Las Fallas festival, Valencia (1st – 19th March)

Las FallasValencia’s biggest festival, “Las Fallas” is celebrated every March and dates back to the middle ages. It is a pagan ritual to commemorate the patron Saint Joseph. It is also thought to represent the end of winter and welcome the spring through spectacular pyrotechnical displays, explosions and parades. If you go to this riotous Spanish fiesta, don’t expect to sleep much as there is 24-hour partying and explosions going off throughout the night. Read on to find out what to expect from one of Spain’s most spectacular Spanish festivals.

City fires

Traditionally during the winter in Spain tradesmen and carpenters used to work under candlelight at night by means of parots, wooden pieces used as wicker holders. As spring began and the evenings became lighter they then burned these parots as they were no longer needed. Saint Joseph was the patron saint of carpenters and therefore this is how this fiesta originated.
As the tradition has evolved over the years these parots taken on many different forms but in today’s festival they are represented by giant cartoon-like figures known as fallas and the smaller ones are called ninots. They represent famous people and politicians and relate to current events and satirical events. The huge figures have gradually grown in size and can be up to 30 metres high. They used to be made of paper mâché but are now made of polystyrene. They are paraded around the streets until the grand finale when they are all burned except one which is a symbol of prosperity.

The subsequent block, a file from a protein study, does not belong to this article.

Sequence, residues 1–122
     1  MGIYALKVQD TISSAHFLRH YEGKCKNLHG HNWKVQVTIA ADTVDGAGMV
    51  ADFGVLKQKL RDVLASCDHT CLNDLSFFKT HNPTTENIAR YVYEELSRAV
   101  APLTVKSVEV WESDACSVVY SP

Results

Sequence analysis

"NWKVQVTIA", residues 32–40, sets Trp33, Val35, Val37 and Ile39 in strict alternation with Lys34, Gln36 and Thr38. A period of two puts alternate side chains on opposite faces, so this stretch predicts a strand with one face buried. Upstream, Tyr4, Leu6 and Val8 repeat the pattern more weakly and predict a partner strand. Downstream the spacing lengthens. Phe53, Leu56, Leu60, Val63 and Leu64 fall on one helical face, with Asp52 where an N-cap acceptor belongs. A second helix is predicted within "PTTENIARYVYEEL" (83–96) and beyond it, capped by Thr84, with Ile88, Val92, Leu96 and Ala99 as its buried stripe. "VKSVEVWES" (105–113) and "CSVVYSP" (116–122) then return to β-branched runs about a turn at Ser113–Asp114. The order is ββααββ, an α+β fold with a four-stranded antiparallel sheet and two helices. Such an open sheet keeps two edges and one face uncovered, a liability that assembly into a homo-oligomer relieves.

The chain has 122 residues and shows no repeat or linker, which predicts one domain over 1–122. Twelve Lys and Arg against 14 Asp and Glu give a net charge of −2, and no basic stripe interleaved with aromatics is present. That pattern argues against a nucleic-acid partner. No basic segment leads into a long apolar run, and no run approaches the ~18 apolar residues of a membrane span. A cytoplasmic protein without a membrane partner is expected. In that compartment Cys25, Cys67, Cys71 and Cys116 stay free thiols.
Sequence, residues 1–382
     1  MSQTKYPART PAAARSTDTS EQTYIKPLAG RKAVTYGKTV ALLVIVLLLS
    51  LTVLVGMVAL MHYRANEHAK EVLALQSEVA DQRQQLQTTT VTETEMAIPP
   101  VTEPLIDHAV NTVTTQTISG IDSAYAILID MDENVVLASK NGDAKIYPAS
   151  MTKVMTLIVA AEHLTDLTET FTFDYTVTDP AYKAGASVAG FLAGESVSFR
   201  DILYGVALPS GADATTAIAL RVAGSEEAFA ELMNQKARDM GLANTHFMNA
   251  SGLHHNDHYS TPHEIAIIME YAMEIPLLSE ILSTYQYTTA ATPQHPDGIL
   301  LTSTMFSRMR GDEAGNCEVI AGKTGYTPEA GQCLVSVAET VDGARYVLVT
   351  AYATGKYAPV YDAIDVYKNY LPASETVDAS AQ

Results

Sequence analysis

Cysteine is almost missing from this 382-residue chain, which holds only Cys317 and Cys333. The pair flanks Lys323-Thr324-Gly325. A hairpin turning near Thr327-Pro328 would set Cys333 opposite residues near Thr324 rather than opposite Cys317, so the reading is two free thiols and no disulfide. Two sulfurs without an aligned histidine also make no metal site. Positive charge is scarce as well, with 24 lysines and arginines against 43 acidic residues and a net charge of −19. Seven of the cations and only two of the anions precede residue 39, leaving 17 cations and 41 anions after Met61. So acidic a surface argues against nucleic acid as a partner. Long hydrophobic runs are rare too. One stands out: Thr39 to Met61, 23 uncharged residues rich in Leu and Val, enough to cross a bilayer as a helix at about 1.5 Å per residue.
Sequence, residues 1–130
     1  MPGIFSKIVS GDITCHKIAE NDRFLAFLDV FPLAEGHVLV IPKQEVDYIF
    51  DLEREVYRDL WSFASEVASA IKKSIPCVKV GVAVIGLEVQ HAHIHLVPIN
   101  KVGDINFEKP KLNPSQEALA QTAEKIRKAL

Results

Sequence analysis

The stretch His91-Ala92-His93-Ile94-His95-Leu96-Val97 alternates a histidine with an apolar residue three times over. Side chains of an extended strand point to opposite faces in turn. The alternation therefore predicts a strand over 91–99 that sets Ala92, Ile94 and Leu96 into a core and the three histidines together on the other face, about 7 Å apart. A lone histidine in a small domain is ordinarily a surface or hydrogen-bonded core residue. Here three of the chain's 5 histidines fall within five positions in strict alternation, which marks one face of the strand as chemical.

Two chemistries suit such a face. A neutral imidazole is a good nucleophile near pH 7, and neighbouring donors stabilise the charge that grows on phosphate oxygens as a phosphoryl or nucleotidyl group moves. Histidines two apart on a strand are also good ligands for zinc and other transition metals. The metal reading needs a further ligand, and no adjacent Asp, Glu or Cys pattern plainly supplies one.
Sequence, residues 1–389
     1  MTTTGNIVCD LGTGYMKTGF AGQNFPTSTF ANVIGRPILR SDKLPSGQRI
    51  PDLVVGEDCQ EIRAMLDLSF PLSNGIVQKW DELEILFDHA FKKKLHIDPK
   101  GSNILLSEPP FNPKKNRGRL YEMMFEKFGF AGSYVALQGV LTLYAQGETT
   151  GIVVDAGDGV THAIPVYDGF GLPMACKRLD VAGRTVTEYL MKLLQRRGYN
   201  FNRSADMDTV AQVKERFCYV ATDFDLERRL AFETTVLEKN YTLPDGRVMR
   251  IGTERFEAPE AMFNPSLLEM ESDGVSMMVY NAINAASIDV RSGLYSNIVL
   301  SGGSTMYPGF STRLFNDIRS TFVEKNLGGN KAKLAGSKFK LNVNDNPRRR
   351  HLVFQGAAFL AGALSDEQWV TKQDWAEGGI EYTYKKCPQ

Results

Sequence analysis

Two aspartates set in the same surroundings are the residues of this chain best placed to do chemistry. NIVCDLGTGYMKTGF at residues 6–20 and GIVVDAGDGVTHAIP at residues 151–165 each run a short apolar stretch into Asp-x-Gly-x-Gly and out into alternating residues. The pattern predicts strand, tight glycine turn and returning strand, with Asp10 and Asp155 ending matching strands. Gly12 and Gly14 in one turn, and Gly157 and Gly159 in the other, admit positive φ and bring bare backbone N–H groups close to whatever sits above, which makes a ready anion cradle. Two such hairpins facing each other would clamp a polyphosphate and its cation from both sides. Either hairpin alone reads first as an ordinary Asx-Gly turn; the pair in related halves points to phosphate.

24-hour partying

The day starts at 8 a.m. with the early wake-up call known as La Despertà, a marching brass band. At 2 p.m. every day you will hear blasts of gunpowder from the Plaza del Ayuntamiento. This is known as La Mascletà. There are pyrotechnical competitions between the different neighbourhoods (barrios) to see who can produce the most spectacular fireworks and sounds.
Throughout the festival from 1st to 19th March people dress up in traditional costumes and dance to local bands playing through the streets. There is non-stop partying with clubs getting busiest around 4 a.m. There are spectacular firework displays every night and plenty of street dancing and live music. The grand finale known as La Cremà takes place on the night of the 19th when the smaller figures, ninots, are set on fire around 10 p.m. and the larger fallas are burnt at midnight. The hours of work that has gone into creating these impressive figures goes up in smoke, there is an intense atmosphere as people stand back to watch this burning and the city later is the scene of a huge dance party.

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